Wednesday, December 03, 2008

Canada’s Constitutional Conundrum

PM Harper as bound to overstep the mark sooner or later. Despite his training as an economist Harper has shown a greater regard for the practice of political thuggery, ignoring global crisis to create his own.

The crisis he has created has plunged the country in relatively uncharted waters, but only relatively. The splintered, albeit majority, opposition have worn Harper’s bulldozer tactics long enough. This week they released an open letter to the Governor General, Michaelle Jean:

Today we respectfully inform the Governor General that, as soon as the appropriate opportunity arises, she should call on the Leader of the Official Opposition to form a new government, supported as set out in the accompanying accords by all three of our parties.
from Dion [Lib] to the Governor General | from Layton [NDP] to the Governor General

Constitutional crisis?
Britain's constitution is part written in statutes and partly maintained through custom and convention. Commonwealth countries generally do have written constitutions, though provisions related to the powers of the monarchy, and by extension the governor’s general, are hazy at best.

The Canadian crisis is not the first instance in a commonwealth country; the most striking former example being in Australia in 1975. In that case the GG fearing being sacked by the PM, Gough Whitlam, jumped first and dismissed the Whitlam government.

Sure there were questions of constitutional propriety of installing the opposition as government. A fresh election, confirming public support for a change of government, soon smothered further enquiry. While questions are arise on these hazy extra-constitutional questions the issues are rarely addressed beyond ‘expert’ chatter.

The vexing questions giving rise to the constitutional crisis claims include: Can the GG sack a serving prime minister and government? Conversely can a PM sack a GG? If the first can the GG appoint a new PM from the existing house or must the house go to election?

Canada, like Australia, is essentially a parliamentary democracy the individual elected members should have precedence over political parties. Convention holds that where there is no majority party after an election the party with the most reps should be asked to form a minority government.

That is the current Canadian situation, with the added dynamic that the current government apparently cannot ensure the confidence and support of a majority of MPs. As with the Australian situation in 1975 that situation can become untenable if supply bills are blocked by a hostile parliament. Those bills allocate the money to run government.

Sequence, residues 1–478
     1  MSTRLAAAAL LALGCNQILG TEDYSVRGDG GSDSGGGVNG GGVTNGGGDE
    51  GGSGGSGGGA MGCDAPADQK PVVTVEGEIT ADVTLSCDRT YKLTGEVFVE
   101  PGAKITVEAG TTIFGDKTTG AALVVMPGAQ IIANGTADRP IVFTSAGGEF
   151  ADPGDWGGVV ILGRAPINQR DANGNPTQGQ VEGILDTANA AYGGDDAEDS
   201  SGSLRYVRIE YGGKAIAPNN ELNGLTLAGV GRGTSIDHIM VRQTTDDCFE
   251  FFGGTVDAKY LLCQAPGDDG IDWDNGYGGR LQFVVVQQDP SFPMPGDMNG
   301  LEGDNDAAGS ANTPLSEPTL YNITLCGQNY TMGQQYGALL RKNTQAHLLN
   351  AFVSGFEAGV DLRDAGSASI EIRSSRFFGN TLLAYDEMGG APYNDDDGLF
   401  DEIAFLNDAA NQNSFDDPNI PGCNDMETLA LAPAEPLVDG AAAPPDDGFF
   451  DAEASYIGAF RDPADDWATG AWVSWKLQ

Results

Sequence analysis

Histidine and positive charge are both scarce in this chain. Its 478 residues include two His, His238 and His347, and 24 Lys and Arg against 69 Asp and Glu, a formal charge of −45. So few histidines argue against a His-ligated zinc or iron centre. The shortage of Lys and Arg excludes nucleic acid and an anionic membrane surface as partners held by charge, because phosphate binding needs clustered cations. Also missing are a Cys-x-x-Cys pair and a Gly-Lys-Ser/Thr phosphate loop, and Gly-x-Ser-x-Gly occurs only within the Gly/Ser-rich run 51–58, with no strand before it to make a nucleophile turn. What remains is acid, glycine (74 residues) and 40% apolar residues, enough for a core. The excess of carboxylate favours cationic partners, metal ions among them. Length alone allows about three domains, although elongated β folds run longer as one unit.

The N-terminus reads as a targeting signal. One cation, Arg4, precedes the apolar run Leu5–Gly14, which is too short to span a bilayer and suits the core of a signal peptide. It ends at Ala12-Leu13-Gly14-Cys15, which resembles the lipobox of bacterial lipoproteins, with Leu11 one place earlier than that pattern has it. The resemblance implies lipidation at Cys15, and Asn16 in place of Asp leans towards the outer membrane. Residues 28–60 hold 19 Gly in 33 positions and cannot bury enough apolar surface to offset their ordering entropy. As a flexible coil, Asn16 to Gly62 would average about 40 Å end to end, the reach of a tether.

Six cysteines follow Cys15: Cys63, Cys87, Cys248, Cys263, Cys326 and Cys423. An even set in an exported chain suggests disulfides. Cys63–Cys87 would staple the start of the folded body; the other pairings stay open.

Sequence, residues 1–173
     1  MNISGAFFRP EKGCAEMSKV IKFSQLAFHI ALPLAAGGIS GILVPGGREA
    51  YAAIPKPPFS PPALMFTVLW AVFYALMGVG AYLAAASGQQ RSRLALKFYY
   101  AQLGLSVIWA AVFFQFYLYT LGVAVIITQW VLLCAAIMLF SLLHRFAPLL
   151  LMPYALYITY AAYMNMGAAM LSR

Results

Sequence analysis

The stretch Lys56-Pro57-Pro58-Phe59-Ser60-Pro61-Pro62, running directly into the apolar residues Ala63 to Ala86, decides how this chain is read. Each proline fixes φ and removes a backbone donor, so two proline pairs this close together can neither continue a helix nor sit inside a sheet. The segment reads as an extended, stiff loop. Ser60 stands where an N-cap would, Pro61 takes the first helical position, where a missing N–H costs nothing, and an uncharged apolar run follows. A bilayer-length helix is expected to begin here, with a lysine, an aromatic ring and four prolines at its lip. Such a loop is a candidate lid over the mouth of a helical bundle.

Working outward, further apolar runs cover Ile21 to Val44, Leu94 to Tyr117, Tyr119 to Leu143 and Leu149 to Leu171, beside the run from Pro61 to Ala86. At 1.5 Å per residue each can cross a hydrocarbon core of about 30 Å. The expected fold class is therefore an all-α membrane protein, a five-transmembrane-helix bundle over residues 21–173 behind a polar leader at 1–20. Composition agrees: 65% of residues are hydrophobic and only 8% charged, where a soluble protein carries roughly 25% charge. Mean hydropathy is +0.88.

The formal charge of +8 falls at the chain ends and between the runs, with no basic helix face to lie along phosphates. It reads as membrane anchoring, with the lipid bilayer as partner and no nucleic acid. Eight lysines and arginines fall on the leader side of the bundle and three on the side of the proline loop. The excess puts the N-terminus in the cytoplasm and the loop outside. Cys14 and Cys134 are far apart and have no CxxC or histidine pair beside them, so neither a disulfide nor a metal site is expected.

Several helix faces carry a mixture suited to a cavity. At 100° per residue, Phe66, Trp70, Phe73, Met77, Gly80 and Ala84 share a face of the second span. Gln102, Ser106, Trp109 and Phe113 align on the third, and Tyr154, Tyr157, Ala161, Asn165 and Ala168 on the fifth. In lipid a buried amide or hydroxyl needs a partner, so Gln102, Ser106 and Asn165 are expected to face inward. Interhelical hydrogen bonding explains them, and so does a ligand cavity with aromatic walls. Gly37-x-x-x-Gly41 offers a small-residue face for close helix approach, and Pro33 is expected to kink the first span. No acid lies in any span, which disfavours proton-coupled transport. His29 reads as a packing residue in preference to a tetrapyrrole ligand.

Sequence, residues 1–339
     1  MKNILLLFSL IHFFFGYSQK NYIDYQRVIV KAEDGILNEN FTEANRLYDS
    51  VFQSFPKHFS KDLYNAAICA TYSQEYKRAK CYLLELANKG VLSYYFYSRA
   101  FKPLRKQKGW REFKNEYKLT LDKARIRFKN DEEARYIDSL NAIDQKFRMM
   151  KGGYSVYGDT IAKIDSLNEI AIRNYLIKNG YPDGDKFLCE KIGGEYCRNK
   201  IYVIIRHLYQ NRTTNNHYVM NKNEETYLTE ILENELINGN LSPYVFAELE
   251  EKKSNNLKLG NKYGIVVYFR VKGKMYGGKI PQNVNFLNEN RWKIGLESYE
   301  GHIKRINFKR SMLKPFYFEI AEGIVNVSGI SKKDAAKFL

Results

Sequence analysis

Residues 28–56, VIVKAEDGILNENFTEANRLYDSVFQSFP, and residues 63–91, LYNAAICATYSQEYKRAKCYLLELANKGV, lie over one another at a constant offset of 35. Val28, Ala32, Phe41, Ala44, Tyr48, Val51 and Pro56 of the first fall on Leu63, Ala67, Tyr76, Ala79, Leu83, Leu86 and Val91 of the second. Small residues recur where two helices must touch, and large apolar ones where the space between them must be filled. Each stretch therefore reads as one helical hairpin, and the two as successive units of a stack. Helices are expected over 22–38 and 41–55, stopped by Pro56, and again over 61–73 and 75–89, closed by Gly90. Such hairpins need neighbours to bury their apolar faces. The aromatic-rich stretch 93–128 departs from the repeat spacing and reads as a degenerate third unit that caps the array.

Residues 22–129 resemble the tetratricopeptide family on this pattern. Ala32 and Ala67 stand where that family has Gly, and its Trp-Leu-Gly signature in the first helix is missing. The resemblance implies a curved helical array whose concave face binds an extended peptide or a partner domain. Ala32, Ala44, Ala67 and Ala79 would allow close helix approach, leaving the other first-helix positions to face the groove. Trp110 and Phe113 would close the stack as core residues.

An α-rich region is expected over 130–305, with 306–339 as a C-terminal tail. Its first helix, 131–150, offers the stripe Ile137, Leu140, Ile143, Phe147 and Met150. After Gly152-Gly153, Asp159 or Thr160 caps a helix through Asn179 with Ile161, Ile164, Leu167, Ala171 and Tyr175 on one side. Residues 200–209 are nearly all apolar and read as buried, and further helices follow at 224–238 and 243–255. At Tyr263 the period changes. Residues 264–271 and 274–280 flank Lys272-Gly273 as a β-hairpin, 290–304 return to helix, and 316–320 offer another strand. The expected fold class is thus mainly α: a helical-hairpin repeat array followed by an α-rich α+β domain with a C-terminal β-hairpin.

We know from that episode that a GG can sack a PM, what we don’t know is how that action would stand up to the scrutiny of the courts. No one has yet tested it. We know the Aussie GG of the time acted to avoid the PM sack. Again, we have no idea how this would stand the test of a court challenge.

To my mind, the important factor is the will of an elected parliament; that means the individual members. Once voters have elected their representatives those office holders hold a delegated authority.

That does not mean they are bound to the shifting whims of an electorate, they have been given authority to act as they believe is best for the electorate. To do otherwise would require endless consultation with voters, most who have no way of being privy to the intricacies the parliamentary situation.

We have been conned into believing we are voting for a presidential type leader. That is untenable under a Westminster style system. The rigid dominance of the party structure already dilutes democratic principles enough without handing all power to one person.


abi said...

My esteem of Canadians sagged a bit when they elected Harper in the first place. But this business of dissolving (or whatever they call it) parliament to prevent a no-confidence vote Harper was sure to lose is hard to comprehend.

I wonder - has Harper put Karl Rove on the payroll?

Cart said...

Abi, I suspect Karl would have shown a bit more flair. After all, direct confrontation is not his preferred style, building dubious support bases is.

The thing that concerns me, in the absence of set rules, is the prorogation sets a precedent here as well as in Canada.
These situations arise so infrequently they tend to become the rule.